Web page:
A magnetic field, produced by a powerful electromagnet, keeps the particles moving in a curved path. The potential difference between the dees constantly alternates in direction, so that every time the particles reach the gap they experience a forward acceleration. Within each dee the particles travel at constant speed during each half-revolution. As the particles gain energy, they spiral out towards the edge of the accelerator, where finally they exit. Advantages of the Cyclotron •Cyclotrons have a single electrical driver, which saves both money and power, since more expense may be allocated to increasing efficiency. Cyclotrons produce a continuous stream of particle pulses at the target, so the average power is relatively high. •The compactness of the device reduces other costs, such as its foundations, radiation shielding, and the enclosing building. The world’s most powerful cyclotron, the K1200, is capable of accelerating nuclei to an energy approaching 8 GeV. Synchrotron The synchrotron is the most recent and most powerful member of the accelerator family. It consists of a tube in the shape of a large ring through which the particles travel; the tube is surrounded by magnets that keep the particles moving along the centre of the tube.

The particles enter the tube after already having been accelerated to several million electron volts. They are accelerated at one or more points on the ring each time they make a complete circle around the accelerator. To keep the particles in a rigid orbit, the strengths of the magnets in the ring are increased as the particles gain energy. In a few seconds, the particles reach energies greater than 1 GeV and are ejected, either directly into experiments or towards targets that produce a variety of elementary particles when struck by the accelerated particles.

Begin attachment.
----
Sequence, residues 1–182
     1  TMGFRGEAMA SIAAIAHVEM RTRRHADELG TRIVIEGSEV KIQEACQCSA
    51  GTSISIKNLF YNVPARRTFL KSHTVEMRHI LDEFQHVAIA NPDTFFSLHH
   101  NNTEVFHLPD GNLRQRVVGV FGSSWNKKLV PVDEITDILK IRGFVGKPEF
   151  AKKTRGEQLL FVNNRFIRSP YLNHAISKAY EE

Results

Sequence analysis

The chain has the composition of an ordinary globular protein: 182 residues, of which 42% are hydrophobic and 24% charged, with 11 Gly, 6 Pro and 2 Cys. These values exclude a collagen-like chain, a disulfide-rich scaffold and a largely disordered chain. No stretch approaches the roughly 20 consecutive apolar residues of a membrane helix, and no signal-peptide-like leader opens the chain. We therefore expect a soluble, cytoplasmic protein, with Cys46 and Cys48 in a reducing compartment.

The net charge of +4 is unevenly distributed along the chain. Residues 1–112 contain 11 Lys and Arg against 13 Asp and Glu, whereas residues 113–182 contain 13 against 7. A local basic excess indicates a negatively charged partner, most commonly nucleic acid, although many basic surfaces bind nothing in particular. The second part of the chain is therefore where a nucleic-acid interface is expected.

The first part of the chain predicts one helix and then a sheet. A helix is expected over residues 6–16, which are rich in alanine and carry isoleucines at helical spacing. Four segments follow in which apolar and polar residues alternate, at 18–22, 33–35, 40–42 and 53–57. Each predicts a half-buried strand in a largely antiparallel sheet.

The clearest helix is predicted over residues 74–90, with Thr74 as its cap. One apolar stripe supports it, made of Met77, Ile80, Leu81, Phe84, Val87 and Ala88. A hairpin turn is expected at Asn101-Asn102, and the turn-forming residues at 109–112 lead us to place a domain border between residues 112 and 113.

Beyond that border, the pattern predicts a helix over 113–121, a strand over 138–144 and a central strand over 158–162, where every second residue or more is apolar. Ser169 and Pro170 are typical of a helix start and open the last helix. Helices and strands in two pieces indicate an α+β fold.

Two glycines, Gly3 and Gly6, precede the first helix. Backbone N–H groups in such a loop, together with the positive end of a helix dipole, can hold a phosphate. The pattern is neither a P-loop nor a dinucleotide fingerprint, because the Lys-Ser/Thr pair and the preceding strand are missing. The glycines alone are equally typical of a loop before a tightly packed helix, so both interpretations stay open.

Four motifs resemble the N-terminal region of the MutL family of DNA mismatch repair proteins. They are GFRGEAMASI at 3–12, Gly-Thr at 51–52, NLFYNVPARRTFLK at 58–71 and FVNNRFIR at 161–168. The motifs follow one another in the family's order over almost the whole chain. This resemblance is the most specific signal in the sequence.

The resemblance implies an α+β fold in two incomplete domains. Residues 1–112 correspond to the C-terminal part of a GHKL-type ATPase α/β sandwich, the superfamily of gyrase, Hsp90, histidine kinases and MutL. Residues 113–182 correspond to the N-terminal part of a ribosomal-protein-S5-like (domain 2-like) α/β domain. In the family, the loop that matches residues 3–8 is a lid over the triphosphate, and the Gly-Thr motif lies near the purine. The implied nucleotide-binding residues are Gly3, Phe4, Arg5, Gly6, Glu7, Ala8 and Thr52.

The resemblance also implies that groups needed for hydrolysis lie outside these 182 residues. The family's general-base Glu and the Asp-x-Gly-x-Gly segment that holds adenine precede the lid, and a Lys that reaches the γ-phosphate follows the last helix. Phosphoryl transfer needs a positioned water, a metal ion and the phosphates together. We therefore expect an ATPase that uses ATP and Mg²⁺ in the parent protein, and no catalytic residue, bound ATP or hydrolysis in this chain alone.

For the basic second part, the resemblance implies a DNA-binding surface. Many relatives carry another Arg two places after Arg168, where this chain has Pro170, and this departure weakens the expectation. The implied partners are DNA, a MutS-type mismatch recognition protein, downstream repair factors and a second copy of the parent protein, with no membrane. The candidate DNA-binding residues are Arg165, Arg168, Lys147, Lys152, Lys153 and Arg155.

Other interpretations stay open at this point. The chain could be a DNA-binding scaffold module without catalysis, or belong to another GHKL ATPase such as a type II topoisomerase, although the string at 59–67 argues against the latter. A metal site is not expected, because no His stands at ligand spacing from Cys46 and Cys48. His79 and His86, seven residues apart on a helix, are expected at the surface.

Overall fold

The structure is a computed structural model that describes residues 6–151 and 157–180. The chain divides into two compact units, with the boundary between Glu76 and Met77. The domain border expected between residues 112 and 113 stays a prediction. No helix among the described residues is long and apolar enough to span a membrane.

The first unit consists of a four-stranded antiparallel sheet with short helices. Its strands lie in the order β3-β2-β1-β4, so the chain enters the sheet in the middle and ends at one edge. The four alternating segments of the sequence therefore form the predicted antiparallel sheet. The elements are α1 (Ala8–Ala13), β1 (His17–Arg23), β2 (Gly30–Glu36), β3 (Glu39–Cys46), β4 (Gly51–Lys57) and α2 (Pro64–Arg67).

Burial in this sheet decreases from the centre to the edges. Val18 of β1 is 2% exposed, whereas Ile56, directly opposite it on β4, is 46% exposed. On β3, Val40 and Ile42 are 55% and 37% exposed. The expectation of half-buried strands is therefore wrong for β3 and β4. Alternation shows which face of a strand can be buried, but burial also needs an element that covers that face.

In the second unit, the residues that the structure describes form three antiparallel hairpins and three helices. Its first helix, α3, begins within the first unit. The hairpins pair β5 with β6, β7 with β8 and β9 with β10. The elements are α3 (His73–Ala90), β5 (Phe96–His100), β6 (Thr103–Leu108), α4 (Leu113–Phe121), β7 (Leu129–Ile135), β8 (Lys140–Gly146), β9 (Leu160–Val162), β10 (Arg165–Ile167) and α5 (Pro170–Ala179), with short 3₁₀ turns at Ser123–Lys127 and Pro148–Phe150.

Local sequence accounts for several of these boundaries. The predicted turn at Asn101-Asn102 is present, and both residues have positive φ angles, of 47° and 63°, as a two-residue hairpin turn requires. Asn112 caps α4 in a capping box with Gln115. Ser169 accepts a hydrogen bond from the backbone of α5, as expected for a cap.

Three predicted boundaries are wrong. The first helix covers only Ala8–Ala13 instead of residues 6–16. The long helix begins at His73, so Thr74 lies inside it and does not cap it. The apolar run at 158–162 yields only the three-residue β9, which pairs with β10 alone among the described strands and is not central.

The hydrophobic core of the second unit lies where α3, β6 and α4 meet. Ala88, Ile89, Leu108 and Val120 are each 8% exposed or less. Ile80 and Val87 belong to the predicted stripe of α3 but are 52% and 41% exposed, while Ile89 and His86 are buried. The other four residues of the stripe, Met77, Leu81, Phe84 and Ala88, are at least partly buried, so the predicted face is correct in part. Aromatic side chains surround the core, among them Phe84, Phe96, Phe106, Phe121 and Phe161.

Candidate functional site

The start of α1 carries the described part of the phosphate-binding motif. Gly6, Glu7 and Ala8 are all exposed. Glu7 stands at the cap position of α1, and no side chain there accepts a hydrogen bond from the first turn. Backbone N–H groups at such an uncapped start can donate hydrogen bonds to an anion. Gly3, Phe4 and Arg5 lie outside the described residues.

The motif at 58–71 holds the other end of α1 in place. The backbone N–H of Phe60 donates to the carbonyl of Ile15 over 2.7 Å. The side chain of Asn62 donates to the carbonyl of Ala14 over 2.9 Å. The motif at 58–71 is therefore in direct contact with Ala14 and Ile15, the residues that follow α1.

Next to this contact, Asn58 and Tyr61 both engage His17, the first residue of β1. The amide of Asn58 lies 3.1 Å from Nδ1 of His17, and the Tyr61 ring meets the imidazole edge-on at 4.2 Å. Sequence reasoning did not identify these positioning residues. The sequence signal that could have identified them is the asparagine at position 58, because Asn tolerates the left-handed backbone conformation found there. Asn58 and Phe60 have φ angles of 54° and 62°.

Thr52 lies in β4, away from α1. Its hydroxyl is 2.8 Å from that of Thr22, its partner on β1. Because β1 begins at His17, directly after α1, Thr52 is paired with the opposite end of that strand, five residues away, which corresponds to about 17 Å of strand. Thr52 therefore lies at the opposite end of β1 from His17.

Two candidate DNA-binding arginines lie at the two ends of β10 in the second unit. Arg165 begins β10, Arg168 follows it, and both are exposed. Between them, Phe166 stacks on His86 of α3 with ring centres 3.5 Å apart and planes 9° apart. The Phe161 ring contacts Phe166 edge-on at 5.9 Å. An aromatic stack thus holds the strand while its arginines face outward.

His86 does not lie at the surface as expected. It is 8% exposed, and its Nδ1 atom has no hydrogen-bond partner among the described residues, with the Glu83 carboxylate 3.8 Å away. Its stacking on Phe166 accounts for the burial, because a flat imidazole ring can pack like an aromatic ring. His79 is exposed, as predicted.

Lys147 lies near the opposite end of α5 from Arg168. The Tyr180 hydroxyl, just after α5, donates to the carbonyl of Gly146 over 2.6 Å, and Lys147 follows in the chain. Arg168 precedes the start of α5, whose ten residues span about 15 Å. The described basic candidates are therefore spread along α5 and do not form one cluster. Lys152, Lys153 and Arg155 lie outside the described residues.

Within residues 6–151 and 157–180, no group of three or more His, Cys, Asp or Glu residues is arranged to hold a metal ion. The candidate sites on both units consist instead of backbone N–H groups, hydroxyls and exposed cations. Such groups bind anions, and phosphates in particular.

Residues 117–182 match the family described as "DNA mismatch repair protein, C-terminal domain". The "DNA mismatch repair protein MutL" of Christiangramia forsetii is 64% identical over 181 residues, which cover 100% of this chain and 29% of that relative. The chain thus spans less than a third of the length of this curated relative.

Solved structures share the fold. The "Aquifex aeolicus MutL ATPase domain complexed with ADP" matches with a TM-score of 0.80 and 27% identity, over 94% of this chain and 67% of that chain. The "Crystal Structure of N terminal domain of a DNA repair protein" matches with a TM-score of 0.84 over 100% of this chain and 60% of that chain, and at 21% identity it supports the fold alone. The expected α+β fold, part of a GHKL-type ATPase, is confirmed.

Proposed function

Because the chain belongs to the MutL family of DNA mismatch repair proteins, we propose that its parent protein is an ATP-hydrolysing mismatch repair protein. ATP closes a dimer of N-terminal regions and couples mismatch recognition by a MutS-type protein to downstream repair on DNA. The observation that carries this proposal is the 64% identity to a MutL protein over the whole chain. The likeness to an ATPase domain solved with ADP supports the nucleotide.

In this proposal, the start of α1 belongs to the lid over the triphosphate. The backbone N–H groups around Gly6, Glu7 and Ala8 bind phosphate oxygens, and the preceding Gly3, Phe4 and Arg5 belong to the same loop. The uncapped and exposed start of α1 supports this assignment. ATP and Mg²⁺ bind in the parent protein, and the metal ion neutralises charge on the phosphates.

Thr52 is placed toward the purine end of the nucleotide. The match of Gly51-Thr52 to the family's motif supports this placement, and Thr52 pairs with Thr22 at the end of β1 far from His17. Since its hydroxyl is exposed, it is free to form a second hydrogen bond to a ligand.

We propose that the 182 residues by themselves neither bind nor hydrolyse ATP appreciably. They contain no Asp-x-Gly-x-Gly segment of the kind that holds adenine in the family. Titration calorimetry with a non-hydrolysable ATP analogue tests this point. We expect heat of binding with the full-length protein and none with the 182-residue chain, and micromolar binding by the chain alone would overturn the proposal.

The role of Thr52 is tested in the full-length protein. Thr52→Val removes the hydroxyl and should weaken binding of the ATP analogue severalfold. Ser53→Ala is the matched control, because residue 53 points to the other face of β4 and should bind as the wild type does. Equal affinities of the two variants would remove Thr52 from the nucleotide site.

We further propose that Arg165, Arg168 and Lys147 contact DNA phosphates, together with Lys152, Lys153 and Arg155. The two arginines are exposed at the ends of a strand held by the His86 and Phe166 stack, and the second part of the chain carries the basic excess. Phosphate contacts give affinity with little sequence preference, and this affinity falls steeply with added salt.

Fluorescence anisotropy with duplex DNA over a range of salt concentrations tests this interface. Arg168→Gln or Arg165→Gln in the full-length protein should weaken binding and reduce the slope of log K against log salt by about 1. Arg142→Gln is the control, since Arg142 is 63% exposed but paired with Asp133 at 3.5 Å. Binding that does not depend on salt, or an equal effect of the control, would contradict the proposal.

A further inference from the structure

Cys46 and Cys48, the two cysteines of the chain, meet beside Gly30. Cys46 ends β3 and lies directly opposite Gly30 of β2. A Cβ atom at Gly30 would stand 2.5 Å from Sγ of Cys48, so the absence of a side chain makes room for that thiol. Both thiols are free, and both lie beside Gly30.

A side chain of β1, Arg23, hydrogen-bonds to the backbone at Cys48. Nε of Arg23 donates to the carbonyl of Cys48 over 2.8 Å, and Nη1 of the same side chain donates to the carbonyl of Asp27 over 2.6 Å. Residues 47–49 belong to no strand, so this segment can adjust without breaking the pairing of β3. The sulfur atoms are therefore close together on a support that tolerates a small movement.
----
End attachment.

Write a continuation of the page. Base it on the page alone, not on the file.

The synchrotron principle can be applied to either protons or electrons, although most of the large machines are proton-synchrotrons. Differences between Cyclotron and Synchrotron •Synchrotron has a single ring unlike the cyclotron which has two. •Synchrotron is surrounded by magnets, cyclotron has two magnets in all. •Synchrotron accelerates the particles at one or more places as opposed to cyclotron which accelerates the particle with the potential difference between the two dees. •Synchrotron is much cheaper way to achieve high energy particles than the cyclotron and therefore the original cyclotron method is no longer used.